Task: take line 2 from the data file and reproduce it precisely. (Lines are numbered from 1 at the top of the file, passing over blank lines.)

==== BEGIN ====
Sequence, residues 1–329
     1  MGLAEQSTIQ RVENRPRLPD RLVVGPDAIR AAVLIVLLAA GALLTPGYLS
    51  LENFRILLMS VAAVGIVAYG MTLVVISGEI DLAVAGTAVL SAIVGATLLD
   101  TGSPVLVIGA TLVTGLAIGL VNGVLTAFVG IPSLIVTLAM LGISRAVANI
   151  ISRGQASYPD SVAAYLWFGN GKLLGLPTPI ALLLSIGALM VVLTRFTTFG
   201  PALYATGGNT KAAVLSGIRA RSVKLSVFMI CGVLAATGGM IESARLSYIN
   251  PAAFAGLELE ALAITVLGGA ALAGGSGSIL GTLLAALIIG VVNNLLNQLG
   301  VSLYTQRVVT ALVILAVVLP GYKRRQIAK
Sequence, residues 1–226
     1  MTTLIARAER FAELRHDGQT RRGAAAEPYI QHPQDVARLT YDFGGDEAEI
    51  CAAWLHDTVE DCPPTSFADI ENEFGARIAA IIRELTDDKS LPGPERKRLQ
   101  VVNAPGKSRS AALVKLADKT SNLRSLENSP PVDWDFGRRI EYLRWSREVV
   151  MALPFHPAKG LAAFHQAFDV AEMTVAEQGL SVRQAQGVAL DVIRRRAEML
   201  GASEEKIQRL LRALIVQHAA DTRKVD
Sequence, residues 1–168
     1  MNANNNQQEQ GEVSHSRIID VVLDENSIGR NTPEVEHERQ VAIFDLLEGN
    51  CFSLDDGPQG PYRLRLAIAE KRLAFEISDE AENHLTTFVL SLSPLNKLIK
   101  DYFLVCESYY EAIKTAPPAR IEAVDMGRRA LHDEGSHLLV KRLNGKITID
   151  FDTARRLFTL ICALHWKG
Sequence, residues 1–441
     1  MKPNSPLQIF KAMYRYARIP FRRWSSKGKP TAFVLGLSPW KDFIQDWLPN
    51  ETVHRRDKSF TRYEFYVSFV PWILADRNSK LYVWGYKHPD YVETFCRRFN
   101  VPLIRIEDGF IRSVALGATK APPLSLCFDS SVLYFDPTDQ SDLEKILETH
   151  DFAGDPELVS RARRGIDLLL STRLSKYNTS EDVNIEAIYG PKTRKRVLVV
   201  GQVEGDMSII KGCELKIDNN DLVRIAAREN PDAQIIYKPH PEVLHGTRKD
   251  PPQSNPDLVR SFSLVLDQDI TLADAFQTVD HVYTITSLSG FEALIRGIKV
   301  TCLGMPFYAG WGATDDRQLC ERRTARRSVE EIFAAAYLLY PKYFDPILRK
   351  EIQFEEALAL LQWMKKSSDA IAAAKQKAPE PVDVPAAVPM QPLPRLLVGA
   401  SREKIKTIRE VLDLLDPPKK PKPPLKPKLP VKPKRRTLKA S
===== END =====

     1  MGLAEQSTIQ RVENRPRLPD RLVVGPDAIR AAVLIVLLAA GALLTPGYLS